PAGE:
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Article
October 1996

Clinicopathologic Findings in the Bannayan-Riley-Ruvalcaba Syndrome

Author Affiliations

From the Department of Dermatology, Yale University School of Medicine, New Haven, Conn (Drs Fargnoli and Bolognia); Department of Dermatology, University of L'Aquila, L'Aquila, Italy (Dr Fargnoli); and Ronald O. Perelman Department of Dermatology and Department of Pediatrics, New York University Medical Center, New York, NY (Drs Orlow and Semel-Concepcion). Dr Fargnoli was a fellow in dermatology at Yale University.

Arch Dermatol. 1996;132(10):1214-1218. doi:10.1001/archderm.1996.03890340078012
Abstract

Background:  The term Bannayan-Riley-Ruvalcaba syndrome has been proposed to reflect the clinical overlap of 3 conditions previously described as separate entities, each inherited in an autosomal dominant fashion. They are the Riley-Smith, Bannayan-Zonana, and Ruvalcaba-Myhre-Smith syndromes.

Observations:  We studied 2 kindreds with the Bannayan-Riley-Ruvalcaba syndrome. Characteristic cutaneous findings included multiple subcutaneous lipomas and vascular malformations, lentigines of the penis and vulva, verrucae, and acanthosis nigricans. Macrocephaly with normal ventricular size, mental retardation, central nervous system vascular malformations, intestinal polyposis, skeletal abnormalities, and thyroid tumors were the most common systemic features. A striking clinical finding in 1 patient was widespread verrucous changes of both lips that histologically showed epidermal hyperplasia with papillomatosis and hyperkeratosis. Biopsy specimens of facial papules demonstrated the histological features of both syringomas and trichilemmomas. Lentiginous hyperplasia of the epidermis with increased pigment in the basal layer and a slight increase in the number of melanocytes were seen in biopsy specimens of the penile lentigines.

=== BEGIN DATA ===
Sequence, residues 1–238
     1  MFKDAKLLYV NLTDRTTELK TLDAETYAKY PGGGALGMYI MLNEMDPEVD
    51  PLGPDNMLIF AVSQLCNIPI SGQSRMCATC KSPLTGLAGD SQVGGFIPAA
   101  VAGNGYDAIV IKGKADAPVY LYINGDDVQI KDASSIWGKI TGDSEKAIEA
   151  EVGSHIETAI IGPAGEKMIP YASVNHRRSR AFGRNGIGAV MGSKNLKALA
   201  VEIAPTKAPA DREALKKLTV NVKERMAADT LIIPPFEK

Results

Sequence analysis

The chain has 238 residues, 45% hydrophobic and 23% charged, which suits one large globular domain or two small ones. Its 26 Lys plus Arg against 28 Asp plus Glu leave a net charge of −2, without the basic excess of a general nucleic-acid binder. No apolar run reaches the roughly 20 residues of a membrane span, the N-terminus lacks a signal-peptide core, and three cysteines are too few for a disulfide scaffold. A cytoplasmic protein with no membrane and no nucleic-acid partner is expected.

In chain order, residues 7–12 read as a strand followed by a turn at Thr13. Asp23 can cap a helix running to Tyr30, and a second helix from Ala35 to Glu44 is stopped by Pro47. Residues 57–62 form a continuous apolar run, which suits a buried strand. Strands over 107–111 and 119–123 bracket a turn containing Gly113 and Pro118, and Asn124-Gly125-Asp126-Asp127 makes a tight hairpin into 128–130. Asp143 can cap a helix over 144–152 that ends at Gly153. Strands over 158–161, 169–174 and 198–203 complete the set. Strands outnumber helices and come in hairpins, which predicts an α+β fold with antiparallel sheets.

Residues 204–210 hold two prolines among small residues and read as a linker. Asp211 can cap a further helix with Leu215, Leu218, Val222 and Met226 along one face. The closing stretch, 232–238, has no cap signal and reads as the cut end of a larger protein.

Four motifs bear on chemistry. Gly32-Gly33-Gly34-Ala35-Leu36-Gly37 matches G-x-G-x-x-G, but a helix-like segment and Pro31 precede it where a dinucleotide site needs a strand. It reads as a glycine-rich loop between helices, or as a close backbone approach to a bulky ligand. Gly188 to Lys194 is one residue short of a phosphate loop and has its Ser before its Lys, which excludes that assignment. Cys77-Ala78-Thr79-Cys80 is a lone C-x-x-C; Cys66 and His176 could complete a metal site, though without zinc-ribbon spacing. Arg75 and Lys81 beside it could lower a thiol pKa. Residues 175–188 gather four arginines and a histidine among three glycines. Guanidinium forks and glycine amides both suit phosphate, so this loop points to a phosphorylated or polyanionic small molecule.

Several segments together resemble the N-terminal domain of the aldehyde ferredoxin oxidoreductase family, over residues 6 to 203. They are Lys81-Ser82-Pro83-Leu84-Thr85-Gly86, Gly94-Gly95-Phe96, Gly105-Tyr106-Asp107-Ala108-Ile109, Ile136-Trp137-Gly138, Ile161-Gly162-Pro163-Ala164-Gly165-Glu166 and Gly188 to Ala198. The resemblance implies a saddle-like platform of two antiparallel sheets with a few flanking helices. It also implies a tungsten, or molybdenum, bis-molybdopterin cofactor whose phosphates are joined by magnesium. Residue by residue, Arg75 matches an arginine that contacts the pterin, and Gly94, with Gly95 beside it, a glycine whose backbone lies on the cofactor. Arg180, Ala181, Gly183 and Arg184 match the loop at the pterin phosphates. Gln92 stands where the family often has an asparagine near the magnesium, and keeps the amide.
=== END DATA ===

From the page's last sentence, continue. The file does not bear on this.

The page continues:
Conclusions:  The histologic findings of both the facial lesions and the pigmented macules of the penis in the Bannayan-Riley-Ruvalcaba syndrome have not, to our knowledge, been reported previously. The similarities between the Bannayan-Riley-Ruvalcaba syndrome and Cowden disease raise the possibility of a common genetic pathogenesis for these 2 diseases.Arch Dermatol. 1996;132:1214-1218

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